Richard Seymour Hall
Journalist, author, historian.











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Excert from

Richard Hall, Stanley: An Adventurer Explored, (Boston: Houghton Mifflin Company), 1975

"I had always been ready to accept the conventional view of Stanley. His character seemed cold and barren, so that any prospective biographer would surely turn aside in dismay, like a climber from a sheer granite cliff. It would explain why few attempts had been made to tell the story of his life, althought he was undoubtedly the boldest of the nineteenth-century explorers.

For all that, it was impossible not to respect his achievements. As a newspaper correspondent in the troubled Congo of the early sixties, I had gazed at his monument, that massive bronze statue (now demolished) beside the Stanley Pool; I realised that his true monument was the Congo State itself, the biggest territory carved out of Africa during the age of imperialism. Perhaps my lack of sympathy for Stanley was influenced by this very fact: he had been the empire-builder for King Leopold, and so his image was stained by the bloody horrors of the Congo, most hauntingly conveyed in Joseph Conrad's novel, Heart of Darkness ...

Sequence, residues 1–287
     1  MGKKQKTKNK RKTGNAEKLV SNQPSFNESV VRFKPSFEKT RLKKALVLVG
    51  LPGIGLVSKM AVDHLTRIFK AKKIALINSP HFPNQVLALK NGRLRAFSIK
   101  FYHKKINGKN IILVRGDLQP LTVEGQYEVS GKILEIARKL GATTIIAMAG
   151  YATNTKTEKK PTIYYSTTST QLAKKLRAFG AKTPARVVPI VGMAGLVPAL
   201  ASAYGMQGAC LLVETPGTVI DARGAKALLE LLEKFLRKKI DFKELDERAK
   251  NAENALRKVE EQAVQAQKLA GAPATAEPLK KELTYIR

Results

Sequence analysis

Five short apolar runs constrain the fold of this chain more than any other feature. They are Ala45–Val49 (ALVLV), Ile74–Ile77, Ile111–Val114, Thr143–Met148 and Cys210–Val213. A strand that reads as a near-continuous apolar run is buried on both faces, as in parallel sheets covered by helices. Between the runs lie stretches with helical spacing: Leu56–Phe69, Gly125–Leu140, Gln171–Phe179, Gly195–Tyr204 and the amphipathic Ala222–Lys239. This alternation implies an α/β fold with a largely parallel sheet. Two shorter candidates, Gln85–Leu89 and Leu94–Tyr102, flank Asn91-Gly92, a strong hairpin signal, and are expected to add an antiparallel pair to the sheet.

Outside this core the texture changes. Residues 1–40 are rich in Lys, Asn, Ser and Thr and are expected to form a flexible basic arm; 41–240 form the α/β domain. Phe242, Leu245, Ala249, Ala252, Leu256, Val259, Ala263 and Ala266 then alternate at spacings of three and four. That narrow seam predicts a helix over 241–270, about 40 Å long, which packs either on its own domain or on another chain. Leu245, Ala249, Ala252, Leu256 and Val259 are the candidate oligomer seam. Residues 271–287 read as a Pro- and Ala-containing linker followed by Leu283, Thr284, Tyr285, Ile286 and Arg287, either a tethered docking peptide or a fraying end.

...In writing this biography, I have been able to make many discoveries about Stanley, but one of the difficulties has been to sift fact from fantasy and falsehood. His personality led him to conceal his 'shameful origins' and romantic attachments to such an extent that his own account is untrustworthy. Previous biographers have been far too ready to take him at his own word....

...I hope that even if some of my interpretations are open to argument, this book destroys forever the image of Stanley as a ruthless conquistador and reveals him as one of the most fascinating of the Great Victorians." pp. 11-12

"When the two-volume Through the Dark Continent appeared, it showed a perspective that had been lacking from How I Found Livingstone . With such a narrative, popular success was certain, and Stanley displayed once more his flair for sweeping readers from discovery to discovery and battle to battle. But there was also a seriousness that showed how he meant to be worthy of the gold medals from scored of learned societies and the congratulations of monarchs, presidents and prime ministers around the world...

...As Stanley changed Africa, so it had changed him. In 1868, he had looked less than his age; now he was grey-haired and drawn. The three-year journey from Zanzibar to Boma, and especially the final, desperate months on the Congo, drained the ebullience and bravado out of him." p. 243